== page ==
Carmelo Anthony; Alan Anderson

The Toronto Raptors were defeated at the Air Canada Centre last night by the New York Knicks in a game that had the potential to get away from them. The Knickerbockers looked better for much of the first half, but Dwane Casey made a few key adjustments that allowed the Raps not only to bounce back but also potentially win the game.

Carmelo Anthony was a beast early for New York. He parked himself down on the block where he scored and drew fouls in the first quarter. Toronto adjusted by sending hard double-teams at him, but their players were prepared for the strategy.

Every time Anthony was faced with additional help, he kicked the ball out and his teammates found the open man for an open 3-pointer.

[Also read: Reaction: Knicks 99, Raptors 94]

New York employed the same defensive philosophy on DeMar DeRozan and Rudy Gay. Unfortunately for the Raptors, they weren’t as prepared for the tactic and the offense stagnated whenever one of their key perimeter players faced extra attention.

As the game unfolded, Casey eventually lost Gay in the second quarter due to back spasms. With Toronto’s top shot-creator incapacitated for the remainder of the game, the Raptors struggled a little with manufacturing good shots.

They settled for several contested jumpers and even missed a few open ones on their way to a 5-for-20 shooting performance in the second quarter.

New York on the other hand continuously created decent looks at the basket. Even in the instances where they failed on this front, Carmelo Anthony and J.R. Smith converted a few contested jumpers, which resulted in a 50-37 lead at the half for the Knicks.

The Raptors came out in the second half armed with new strategy and a scorer almost as terrifying as Kobe Bryant: Alan Anderson.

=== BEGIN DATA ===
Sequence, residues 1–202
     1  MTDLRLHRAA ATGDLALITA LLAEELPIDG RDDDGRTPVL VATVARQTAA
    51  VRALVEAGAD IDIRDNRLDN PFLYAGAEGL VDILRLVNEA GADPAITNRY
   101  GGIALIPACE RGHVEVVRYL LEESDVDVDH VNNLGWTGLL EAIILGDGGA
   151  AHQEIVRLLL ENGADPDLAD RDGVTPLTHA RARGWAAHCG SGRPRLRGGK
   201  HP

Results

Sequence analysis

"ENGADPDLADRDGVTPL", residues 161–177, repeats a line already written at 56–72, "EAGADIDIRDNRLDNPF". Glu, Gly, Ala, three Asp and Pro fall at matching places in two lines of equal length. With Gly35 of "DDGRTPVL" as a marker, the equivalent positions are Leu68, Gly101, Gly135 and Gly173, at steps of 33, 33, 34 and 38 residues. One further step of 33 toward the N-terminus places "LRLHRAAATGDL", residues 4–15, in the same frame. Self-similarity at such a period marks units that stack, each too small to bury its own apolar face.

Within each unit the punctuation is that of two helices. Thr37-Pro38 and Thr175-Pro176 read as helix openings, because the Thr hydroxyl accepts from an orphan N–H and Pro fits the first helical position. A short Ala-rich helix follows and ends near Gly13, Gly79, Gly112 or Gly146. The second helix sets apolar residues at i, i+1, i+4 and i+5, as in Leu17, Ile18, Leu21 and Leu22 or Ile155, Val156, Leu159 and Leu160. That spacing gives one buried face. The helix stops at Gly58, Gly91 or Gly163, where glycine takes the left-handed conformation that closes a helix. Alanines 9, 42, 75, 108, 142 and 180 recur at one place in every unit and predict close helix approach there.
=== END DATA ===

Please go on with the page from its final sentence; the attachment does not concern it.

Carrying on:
Let’s not get too caught up in the comparison there. Anderson is not Kobe, but the third quarter certainly could have made one wonder. The former Spartan was simply unstoppable.

He went toe-to-toe with Melo and produced 20 points in the third period. He was perfect from downtown and overall from the field during the timeframe. His one blemish came at the stripe where he missed one of his six freebies in the quarter. His scoring outburst narrowed the gap and gave his team a fighting chance at pulling out a victory.

Toronto’s coaching staff got creative in the final period with their offensive concepts.

Casey’s game plan called for Kyle Lowry to run a pick-and-roll from the top of the floor with Jonas Valanciunas towards the right side of the court and share the ball with the perimeter player situated on the right wing.

This resulted in the Knicks occasionally losing the big man or simply switching on screens where Valanciunas easily posted up and scored.

Mike Woodson adjusted by sending additional help towards the paint. The Raptors countered by stationing DeRozan on the left wing, where Valanciunas promptly sprinted towards him to set a screen.

DeMar was then presented with the possibility of exploding off the screen and heading straight to the basket for a catch and score in the paint.

Toronto milked the play as much as possible and faced an 84-82 deficit with 6:04 left in the game.

From there, Melo just simply answered every Raptor run with a basket or by drawing a foul. In addition, the Knicks snatched two crushing offensive rebounds and ran down the shot clock on both occasions and produced backbreaking scores.

Alan Anderson was still heard from before game’s end. He put in another eight points in the final six minutes of the game and made the final score far more respectable.

The Raptors lost both Rudy Gay and the game last night. But the story of the contest was Alan Anderson’s ability to raise his game and nearly go point for point against an All-Star.

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